Thursday September 21 2017 11:00 AM
This week Joan Jordan talks about foot-drop and the implications it has for her daily life. Talk about issues with your doctor, seek referrals or book an appointment if this is something that is affecting you.
Like many of my M.S symptoms, foot-drop crept up on me over time. The best way I can describe it is that the process of lifting my foot sufficient height to walk effortlessly doesn’t happen. My foot catches on low obstacles (like carpet pile) and I need to make a conscious action to lift my weak foot when walking. Stairs are the hardest because I need to raise my foot the correct distance so I don’t miss and trip. Things get worse as the day goes on and flat, light shoes help.
I have tried a device under the supervision of my physiotherapist and the electric signal really did make my foot move appropriately (albeit involuntarily!). I think I would get used to the sensation over time but for now- I am minimising the amount of walking I do and practising the exercises I have learned in yoga class to keep my foot mobile.
I’m not a physio- so my best advice if you are experiencing foot-drop is to contact one and make an appointment. I would recommend you ask around people in your area with similar symptoms to see who they favour. Do tell your neurologist when you visit them to get their advice too.
I occasionally get called out by people who don’t know I have Multiple Sclerosis for being lazy. Explaining my illness to them generally works. I don’t go into too much detail- I just tell them that I find walking long distances difficult because my right foot drops when I attempt to lift it. Generally people understand and are aware of my situation in the future.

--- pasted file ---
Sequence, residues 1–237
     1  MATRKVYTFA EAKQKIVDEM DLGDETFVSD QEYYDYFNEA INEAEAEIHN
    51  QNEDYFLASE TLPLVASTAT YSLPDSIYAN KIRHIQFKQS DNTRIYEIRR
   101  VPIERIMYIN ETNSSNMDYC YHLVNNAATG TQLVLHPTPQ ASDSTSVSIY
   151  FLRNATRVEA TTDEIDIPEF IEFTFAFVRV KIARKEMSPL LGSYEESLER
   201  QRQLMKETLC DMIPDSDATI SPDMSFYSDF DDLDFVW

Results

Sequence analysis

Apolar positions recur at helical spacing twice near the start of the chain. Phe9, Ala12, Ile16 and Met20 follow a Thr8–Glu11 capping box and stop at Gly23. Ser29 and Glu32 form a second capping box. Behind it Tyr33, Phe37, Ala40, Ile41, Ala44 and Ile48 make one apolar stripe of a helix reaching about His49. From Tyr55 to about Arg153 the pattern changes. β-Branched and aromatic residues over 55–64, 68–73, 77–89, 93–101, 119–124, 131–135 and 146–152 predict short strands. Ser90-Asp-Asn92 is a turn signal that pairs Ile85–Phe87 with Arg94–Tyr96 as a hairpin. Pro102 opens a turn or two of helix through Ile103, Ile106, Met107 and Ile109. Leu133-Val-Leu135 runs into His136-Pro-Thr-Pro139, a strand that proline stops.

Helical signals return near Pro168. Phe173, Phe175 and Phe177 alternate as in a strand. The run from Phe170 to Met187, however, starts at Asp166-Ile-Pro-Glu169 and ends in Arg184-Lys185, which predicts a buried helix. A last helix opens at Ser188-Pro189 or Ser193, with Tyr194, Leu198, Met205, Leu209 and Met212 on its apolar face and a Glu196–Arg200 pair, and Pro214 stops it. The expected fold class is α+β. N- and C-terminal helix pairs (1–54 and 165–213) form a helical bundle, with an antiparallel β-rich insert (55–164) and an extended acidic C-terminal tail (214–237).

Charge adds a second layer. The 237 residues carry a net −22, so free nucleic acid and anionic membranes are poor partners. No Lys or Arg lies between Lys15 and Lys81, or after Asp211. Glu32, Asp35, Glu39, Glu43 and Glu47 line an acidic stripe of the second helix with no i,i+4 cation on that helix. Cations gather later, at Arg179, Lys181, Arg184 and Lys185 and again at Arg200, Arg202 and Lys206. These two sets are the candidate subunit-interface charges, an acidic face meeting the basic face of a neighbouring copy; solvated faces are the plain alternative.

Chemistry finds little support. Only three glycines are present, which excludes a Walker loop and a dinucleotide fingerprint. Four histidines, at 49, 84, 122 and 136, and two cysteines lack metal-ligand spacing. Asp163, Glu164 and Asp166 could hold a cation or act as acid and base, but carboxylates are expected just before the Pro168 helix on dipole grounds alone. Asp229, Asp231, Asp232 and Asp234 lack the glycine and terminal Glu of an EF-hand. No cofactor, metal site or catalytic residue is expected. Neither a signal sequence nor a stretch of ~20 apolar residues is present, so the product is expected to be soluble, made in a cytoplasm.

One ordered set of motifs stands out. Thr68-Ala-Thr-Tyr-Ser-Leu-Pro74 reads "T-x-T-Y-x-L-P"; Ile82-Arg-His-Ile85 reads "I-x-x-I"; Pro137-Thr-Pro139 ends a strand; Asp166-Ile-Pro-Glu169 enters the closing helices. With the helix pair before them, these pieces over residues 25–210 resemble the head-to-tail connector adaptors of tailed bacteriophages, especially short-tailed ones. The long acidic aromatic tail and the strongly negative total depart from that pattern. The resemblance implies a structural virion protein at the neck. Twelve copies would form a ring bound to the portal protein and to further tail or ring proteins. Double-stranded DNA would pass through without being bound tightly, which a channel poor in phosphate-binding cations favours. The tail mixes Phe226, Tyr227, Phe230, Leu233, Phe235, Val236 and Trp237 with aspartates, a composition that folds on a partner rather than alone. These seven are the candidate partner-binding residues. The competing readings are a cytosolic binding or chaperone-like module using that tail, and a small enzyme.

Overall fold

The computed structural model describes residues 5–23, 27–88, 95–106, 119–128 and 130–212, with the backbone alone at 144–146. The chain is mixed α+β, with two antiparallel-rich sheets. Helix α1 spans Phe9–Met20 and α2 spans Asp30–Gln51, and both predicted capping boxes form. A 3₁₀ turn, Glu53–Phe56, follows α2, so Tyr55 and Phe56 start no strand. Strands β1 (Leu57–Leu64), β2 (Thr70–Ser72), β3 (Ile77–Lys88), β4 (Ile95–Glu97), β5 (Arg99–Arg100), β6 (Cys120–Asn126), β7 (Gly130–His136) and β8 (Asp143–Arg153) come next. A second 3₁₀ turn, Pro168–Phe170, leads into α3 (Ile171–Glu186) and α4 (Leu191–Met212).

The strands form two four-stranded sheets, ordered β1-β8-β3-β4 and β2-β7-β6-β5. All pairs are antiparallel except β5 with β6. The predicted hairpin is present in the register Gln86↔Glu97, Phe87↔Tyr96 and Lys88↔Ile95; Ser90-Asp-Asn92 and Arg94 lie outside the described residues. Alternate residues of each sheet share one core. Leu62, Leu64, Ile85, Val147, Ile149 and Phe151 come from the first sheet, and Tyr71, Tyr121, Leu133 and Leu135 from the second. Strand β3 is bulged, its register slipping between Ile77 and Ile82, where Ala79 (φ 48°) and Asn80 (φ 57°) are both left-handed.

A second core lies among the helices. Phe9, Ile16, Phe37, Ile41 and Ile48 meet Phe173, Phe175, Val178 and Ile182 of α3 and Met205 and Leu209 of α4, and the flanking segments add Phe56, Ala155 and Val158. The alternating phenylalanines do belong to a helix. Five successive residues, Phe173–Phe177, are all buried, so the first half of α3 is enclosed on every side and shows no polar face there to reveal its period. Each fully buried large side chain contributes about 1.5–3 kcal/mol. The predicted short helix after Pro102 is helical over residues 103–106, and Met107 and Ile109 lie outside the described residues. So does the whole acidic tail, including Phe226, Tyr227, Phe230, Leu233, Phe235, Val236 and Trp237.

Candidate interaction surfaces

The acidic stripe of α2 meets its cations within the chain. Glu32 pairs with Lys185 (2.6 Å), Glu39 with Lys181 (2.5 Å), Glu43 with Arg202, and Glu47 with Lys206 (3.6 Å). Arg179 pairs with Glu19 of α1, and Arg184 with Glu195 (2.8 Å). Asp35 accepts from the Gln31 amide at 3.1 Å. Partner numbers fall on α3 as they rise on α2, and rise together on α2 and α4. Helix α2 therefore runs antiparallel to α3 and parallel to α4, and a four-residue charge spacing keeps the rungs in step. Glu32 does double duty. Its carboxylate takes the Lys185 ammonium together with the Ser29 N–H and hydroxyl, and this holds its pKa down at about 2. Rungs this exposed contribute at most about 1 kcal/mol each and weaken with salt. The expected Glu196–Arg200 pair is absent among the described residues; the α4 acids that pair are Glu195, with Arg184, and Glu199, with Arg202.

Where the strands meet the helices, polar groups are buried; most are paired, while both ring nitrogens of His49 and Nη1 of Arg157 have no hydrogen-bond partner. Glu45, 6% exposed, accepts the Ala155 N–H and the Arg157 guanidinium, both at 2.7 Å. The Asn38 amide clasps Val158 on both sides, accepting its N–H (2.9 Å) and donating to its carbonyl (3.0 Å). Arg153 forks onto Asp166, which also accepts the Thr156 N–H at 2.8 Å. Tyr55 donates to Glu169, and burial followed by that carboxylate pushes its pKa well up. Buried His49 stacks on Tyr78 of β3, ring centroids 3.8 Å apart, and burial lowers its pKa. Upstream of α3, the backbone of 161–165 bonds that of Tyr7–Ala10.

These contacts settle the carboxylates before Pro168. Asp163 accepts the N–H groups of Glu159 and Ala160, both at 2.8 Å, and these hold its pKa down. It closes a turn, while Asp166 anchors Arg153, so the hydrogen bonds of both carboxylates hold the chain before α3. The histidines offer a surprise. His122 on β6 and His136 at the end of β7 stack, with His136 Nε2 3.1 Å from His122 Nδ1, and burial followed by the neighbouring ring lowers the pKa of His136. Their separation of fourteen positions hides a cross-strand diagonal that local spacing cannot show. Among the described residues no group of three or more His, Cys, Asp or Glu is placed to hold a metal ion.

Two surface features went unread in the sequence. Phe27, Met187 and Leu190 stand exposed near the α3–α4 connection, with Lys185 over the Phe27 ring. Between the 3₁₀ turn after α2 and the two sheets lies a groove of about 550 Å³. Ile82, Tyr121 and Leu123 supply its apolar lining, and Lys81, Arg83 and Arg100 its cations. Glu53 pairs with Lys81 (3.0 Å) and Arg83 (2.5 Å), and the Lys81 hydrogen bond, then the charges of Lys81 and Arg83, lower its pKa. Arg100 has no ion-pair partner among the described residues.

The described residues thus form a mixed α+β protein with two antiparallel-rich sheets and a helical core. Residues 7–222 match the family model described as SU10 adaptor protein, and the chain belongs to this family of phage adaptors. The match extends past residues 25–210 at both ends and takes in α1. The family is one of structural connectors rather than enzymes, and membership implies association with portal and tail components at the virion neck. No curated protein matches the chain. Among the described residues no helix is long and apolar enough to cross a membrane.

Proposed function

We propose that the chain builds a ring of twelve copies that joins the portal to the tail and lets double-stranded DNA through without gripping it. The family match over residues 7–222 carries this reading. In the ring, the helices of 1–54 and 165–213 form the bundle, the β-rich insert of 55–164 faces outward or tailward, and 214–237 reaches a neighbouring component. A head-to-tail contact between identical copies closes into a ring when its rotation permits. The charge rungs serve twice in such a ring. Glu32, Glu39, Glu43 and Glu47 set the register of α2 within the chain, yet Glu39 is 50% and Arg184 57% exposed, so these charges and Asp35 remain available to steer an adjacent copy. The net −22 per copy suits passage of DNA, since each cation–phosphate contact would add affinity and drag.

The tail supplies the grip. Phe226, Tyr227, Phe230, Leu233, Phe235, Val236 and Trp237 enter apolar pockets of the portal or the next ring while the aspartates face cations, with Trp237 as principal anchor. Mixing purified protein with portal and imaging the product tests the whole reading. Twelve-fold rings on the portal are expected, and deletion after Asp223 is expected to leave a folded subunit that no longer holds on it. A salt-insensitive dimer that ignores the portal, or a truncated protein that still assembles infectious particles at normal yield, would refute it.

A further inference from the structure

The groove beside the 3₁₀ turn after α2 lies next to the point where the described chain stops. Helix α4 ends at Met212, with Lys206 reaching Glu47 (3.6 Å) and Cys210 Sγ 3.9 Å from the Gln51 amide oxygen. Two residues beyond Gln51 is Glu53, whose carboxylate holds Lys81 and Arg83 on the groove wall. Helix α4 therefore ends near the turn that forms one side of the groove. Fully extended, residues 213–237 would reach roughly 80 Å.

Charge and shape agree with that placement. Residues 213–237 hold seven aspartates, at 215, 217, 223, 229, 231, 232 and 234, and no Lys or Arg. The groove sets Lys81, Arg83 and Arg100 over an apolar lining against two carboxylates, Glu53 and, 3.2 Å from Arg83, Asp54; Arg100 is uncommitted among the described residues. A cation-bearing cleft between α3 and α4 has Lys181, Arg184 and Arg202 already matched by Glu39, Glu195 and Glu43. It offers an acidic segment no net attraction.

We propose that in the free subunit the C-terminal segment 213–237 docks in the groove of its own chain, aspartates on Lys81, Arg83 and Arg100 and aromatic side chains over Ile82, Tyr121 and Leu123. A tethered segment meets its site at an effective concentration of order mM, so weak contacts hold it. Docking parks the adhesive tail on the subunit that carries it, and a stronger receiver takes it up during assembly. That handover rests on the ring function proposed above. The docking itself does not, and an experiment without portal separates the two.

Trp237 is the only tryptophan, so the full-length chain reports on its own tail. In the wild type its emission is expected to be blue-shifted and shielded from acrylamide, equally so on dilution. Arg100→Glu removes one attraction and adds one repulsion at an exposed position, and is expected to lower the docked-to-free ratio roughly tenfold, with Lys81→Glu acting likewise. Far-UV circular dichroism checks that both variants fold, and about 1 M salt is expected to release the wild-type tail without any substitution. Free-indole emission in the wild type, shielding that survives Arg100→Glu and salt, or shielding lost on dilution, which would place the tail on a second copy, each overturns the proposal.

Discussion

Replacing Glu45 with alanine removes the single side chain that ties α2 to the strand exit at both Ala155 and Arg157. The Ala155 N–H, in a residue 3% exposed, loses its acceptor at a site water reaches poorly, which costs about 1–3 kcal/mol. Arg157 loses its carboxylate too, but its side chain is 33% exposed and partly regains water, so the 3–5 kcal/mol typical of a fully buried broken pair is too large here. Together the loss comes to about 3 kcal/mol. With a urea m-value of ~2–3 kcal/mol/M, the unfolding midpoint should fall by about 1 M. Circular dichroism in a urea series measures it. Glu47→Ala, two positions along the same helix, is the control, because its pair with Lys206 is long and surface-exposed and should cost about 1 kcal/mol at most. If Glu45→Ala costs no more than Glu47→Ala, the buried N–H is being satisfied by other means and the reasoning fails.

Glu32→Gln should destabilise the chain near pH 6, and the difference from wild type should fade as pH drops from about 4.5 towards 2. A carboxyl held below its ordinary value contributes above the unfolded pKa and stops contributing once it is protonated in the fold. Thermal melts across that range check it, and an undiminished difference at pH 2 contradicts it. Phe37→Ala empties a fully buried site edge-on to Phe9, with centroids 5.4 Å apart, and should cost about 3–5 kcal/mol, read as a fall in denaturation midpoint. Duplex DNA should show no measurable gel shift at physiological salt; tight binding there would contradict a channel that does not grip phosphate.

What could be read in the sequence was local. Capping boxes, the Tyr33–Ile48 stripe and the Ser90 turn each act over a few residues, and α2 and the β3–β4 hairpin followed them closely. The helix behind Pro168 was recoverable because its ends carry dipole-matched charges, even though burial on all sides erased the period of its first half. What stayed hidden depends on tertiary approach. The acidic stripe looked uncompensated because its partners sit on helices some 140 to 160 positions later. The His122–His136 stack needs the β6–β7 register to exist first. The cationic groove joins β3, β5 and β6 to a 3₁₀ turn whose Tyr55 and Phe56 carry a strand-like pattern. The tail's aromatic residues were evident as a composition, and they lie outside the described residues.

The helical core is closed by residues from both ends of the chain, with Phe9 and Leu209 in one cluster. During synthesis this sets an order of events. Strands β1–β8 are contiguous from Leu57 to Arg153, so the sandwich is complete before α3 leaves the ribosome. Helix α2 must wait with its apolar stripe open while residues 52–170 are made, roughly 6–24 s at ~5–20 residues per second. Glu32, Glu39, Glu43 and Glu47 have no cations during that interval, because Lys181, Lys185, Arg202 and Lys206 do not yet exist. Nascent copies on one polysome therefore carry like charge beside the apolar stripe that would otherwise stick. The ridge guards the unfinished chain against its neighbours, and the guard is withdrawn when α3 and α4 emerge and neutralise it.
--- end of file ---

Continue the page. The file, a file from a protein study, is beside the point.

When walking is required- I always ask in advance if the “5-minute stroll” really is an accurate estimation. I know how far I can walk and trying to keep up with a gang of energetic power-walkers when I am past my limit is not good. I always calculate my route when travelling to avoid unnecessary steps and am realistic with friends when we plan events involving much walking.
It’s tough sometimes when my kids want me to join in with activities requiring a lot of footsteps. We usually find a compromise and it doesn’t get to me so much anymore.
Do you experience foot drop and how do you manage it?
Looking forward to hearing from you!